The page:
On Friday, the George Zimmerman defense team moved for acquittal of his second-degree murder charge in the killing of Trayvon Martin, suggesting that the prosecution had not fulfilled its burden of proof. Mark O’Mara, the lead lawyer for Zimmerman, said that the defense had provided “a very well-founded reasonable hypothesis of innocence.” In order for the prosecution to withstand a motion to dismiss, it must provide probable cause that the crime charged actually occurred. The motion to dismiss by the defense alleged that the facts provided by the state do not add up to second-degree murder.
The defense argued that the state could not prove “ill will, spite, or hatred,” especially given the fact that Zimmerman did not know Martin, and stated that no reasonable person could look at pictures of Zimmerman and conclude that he was not beaten. The prosecution responded that the only reason to shoot someone is that you mean to kill them or don’t care, and added that it was “ill will” for Zimmerman to follow Martin. “There are two people involved here: one of them is dead and one of them’s a liar,” said the prosecutor, Richard Mantei. He said that Zimmerman “is either luckiest most level-headed cool marksman in the world, or something else is going on.”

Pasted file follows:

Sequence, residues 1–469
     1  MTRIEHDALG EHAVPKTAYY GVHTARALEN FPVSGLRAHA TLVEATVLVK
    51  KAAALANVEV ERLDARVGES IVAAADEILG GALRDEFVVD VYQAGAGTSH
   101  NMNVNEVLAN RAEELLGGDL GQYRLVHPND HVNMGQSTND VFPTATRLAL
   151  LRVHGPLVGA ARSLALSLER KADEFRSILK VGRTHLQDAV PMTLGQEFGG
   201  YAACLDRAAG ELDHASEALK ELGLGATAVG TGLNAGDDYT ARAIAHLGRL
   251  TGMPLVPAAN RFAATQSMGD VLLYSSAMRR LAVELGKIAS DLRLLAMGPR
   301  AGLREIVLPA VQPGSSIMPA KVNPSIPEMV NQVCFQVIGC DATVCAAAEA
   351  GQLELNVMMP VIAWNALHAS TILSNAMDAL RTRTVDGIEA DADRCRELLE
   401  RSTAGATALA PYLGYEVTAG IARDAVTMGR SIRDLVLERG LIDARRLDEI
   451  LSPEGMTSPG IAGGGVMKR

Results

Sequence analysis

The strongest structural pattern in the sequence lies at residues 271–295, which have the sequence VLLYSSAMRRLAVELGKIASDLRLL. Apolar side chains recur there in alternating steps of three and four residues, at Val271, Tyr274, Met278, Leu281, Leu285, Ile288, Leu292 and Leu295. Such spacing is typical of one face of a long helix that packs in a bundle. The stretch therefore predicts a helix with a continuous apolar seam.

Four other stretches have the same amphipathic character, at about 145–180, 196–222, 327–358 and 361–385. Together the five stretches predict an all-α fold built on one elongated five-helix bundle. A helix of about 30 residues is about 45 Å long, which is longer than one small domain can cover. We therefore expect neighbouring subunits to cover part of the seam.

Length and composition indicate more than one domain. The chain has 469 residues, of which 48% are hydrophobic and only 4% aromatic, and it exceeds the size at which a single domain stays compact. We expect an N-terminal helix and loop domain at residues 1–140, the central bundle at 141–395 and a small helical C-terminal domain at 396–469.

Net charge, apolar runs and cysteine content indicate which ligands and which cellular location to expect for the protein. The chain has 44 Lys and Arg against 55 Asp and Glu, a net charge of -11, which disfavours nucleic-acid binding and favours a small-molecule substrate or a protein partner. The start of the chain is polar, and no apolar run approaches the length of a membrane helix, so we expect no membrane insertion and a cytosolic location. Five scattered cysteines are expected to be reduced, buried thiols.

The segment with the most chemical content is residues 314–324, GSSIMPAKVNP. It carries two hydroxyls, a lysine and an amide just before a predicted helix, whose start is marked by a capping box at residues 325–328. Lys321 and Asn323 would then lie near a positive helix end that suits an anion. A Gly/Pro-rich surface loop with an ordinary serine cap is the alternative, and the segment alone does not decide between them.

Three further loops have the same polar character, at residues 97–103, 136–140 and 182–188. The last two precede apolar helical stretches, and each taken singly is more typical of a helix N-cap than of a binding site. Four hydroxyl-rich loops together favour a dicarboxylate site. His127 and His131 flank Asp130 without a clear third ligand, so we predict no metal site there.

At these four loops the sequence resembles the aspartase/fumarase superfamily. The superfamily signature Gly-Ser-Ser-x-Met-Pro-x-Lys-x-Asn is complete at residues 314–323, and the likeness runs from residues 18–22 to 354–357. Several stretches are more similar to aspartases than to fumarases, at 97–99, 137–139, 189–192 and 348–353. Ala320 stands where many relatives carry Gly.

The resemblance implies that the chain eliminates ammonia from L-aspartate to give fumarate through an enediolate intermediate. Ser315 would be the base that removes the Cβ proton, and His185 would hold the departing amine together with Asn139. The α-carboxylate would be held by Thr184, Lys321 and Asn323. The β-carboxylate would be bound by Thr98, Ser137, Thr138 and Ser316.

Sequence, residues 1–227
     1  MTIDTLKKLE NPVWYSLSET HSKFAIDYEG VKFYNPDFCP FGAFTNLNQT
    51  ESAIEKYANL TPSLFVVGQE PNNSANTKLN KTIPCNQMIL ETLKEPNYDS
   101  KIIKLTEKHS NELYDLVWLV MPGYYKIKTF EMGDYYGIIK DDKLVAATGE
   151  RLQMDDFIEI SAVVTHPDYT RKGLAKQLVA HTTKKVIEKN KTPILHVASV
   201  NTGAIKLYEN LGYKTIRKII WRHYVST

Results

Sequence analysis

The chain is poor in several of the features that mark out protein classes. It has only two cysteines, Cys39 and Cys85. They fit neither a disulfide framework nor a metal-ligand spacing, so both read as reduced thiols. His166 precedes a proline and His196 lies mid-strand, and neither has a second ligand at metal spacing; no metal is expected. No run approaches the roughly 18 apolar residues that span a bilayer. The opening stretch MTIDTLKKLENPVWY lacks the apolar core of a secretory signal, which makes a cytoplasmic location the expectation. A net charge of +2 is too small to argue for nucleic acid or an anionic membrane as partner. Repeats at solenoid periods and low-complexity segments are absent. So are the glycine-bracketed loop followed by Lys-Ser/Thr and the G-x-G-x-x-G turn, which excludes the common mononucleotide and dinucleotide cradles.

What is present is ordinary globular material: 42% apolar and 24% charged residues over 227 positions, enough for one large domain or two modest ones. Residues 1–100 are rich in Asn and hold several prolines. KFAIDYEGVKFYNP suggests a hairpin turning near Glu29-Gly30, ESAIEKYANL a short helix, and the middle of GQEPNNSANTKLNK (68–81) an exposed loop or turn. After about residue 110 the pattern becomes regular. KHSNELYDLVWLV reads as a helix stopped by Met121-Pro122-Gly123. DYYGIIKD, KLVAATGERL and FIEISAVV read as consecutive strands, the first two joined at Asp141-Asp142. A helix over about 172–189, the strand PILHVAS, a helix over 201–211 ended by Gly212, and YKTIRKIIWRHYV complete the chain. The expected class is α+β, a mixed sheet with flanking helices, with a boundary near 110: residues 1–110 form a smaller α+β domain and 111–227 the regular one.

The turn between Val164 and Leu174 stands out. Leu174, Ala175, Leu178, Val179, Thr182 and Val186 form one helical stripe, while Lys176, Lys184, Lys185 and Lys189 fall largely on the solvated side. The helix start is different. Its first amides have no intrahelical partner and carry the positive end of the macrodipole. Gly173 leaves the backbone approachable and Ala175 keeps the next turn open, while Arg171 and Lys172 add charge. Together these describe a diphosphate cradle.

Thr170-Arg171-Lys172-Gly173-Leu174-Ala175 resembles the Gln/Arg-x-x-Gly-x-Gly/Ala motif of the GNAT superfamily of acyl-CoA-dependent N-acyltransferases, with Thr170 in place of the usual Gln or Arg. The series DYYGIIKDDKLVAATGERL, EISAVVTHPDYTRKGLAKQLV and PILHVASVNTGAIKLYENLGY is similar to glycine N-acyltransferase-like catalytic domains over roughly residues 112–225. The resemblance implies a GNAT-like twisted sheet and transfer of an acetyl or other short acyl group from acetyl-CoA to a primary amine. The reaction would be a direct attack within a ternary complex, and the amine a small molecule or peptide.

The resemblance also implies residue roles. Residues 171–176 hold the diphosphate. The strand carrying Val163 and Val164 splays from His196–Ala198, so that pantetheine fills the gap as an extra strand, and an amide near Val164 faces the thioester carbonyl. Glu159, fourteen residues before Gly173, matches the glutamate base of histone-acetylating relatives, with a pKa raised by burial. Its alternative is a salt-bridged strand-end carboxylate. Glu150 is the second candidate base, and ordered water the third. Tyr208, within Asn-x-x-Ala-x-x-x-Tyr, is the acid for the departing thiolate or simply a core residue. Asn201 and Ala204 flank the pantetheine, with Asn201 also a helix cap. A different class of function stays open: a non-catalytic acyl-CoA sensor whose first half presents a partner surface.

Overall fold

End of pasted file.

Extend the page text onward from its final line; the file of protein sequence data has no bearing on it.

UPDATE: The judge has denied the motion for acquittal.
Ben Shapiro is Editor-At-Large of Breitbart News and author of the New York Times bestseller “Bullies: How the Left’s Culture of Fear and Intimidation Silences America” (Threshold Editions, January 8, 2013).